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The Magpie Sings the Great Depression:
Selections from DeWitt Clinton High School's Literary Magazine, 1929-1942

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So Long

By Emile Capouya

The Magpie, January 1941, v. 25, n. 1, p. 32.

He had come up silently behind me, and he startled me with his voice, saying. "Anything for a hungry stranger?"

I looked up quickly and saw that he was smiling, and I pointed, grinning, to the canful of beans near the fire.

"Anything I have is yours."

He went to the other side, of the fire and sat down. leaning his head out of the draught of the smoke. His hair was blond and very long and gave him the look of a prophet. I stared at him till he started to speak.

"Call me Willie. What's yours?"

I told him, and he shook his head in mock disapproval and commiseration.

"Tough on you, I suppose. Mind if I call you Jake?" He nodded toward the beans and asked whether I was going to heat them or have them cold, and when I told him, he said, "No time like the present," and plunked the can into the midst of the hot ashes.

I had only one spoon, and he ate with my fork, politely timing his helpings to mine.

"You're quite the little life saver," he said. "I was counting on sleeping empty before I saw you."

We talked for a while about the heat and the unusual dryness, and he said he was glad of it, because the mosquitoes bothered him very much in damp weather and gave him great swellings on the face.

The twilight began to come and he stretched himself slowly, rising to his feet, and asked me, "You staying here or moving?" I pointed backwards and said I was going into the, higher hills for the night.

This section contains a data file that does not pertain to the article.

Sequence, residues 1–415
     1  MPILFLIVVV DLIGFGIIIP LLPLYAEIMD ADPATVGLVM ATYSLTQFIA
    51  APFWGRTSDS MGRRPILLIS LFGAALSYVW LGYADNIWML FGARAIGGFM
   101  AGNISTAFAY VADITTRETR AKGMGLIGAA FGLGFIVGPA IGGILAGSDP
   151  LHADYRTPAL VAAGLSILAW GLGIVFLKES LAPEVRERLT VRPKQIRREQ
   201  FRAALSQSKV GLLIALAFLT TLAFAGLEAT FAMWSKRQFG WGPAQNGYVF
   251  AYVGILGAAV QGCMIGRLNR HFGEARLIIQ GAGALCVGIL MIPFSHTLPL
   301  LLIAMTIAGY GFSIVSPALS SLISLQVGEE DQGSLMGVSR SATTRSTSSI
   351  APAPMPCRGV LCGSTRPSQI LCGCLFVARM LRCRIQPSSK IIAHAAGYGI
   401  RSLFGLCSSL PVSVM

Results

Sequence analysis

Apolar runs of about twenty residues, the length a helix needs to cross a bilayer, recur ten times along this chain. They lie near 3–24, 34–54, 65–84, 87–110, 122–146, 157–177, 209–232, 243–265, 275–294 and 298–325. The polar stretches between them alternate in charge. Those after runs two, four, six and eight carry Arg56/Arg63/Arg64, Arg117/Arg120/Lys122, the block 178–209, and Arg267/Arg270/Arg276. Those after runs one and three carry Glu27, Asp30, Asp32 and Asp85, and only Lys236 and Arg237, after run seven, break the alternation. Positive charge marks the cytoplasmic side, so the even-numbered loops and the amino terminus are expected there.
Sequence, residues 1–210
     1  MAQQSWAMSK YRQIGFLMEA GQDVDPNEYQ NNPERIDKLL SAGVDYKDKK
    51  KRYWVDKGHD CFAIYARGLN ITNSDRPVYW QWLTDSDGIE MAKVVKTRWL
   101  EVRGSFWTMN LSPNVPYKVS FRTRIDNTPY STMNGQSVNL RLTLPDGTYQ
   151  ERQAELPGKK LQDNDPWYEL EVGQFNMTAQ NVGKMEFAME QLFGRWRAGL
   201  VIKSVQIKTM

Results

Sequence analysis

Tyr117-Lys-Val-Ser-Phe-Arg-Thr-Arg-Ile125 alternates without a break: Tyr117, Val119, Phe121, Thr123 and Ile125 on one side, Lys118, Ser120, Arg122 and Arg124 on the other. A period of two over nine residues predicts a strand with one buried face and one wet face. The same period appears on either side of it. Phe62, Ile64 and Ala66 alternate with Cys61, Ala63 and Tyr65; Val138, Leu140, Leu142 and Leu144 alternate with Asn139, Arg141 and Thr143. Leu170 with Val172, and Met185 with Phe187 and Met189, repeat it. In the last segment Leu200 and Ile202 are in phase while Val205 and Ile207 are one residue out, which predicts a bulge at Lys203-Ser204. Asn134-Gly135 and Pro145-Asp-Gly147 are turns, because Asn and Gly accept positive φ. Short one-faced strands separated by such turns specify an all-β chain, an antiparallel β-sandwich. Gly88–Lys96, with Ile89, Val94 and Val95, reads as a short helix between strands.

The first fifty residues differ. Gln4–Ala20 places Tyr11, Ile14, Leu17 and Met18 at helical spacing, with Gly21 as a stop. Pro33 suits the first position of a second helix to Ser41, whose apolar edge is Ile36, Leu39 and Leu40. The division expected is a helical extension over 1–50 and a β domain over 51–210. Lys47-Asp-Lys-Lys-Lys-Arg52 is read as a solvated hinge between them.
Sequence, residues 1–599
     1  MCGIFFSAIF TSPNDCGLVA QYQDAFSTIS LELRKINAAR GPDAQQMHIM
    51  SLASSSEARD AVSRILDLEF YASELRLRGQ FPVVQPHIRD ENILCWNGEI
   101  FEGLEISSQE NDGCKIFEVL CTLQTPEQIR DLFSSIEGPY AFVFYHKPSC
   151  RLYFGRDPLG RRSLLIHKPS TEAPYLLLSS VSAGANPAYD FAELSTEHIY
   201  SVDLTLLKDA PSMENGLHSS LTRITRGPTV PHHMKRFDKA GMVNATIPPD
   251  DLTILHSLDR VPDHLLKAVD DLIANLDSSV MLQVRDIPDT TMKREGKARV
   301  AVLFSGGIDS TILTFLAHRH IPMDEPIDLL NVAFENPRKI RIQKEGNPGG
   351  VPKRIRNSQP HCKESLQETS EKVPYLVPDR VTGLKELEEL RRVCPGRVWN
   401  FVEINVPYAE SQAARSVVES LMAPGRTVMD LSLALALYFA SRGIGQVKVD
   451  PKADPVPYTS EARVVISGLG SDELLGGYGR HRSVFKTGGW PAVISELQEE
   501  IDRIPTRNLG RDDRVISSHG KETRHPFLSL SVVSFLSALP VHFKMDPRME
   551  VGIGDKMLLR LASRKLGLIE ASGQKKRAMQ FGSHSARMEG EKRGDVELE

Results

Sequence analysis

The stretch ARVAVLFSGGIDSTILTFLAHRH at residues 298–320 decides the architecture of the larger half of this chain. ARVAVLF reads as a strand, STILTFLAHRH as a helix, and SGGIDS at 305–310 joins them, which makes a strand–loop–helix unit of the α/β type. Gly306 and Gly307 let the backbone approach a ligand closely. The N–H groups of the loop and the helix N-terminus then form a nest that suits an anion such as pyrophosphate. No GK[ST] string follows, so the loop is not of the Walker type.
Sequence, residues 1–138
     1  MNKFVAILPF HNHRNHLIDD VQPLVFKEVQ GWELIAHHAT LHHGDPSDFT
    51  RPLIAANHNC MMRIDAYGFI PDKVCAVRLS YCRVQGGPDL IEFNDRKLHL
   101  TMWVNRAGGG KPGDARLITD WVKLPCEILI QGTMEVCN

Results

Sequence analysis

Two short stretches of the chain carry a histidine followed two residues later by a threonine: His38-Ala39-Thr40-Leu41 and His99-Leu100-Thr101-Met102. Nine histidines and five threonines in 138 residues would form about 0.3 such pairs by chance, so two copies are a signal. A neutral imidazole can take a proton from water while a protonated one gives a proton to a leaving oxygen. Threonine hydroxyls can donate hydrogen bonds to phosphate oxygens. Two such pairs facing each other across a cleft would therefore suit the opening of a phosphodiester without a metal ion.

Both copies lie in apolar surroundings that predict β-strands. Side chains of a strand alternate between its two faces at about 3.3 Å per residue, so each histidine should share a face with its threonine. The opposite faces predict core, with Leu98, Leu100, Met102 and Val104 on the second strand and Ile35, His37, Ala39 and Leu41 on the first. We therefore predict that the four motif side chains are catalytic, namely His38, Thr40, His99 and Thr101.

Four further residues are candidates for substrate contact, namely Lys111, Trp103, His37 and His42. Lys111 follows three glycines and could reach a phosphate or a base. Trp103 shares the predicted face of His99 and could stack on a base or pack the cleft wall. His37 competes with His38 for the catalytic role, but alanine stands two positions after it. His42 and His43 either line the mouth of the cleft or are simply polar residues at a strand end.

We walked together along the dirt road, and he made the time pass quickly, telling me about himself. He stopped very often to investigate tin cans, pieces of paper, anything people had left.

"You find useful things sometimes," he said. "Last week I found a suitcase full of sandwiches and a gallon of beer by the road. Right in the ditch, and I took and carried the stuff along for a while till I got hungry, and then I sat down on the road bank and started eating. Pretty soon a cop on a motorcycle came along, going slow, and I flagged him to a stop. I showed him the sandwiches. "Too much for me," I said. "He took a look around, wheeled his bike off the road, and fell to. He drank a quart, and I left the rest in a ditch. Not my idea of nectar, beer. Never cared for it."

While he talked, he examined an empty cigarette package. He fumed it over aimlessly till the silver glint caught his eye, then he tore it open, took out the tinfoil, and placed it in his hip pocket.

He shared my blanket that night, my breakfast the next morning: we traveled together all the forenoon. After a week alone, I was glad of the chance of company. At about noon I told him I wanted to turn off the road to a nearby post office, explaining ruefully about the postcard I had promised my mother. He grinned indulgently. "I can wait. I'm in no hurry."

The post office was empty, and I waited impatiently for the attendant, passing the time thinking of Willie, glancing at the notices. Then I saw his face looking at me from a placard.

I went out into the sunlight and looked down the road, but the bend hid him from sight. I made a wide circle over fields and farmers' fences, avoiding the way we'd come, and always, as I hurried, I thought of him waiting.

The Magpie Sings the Great Depression

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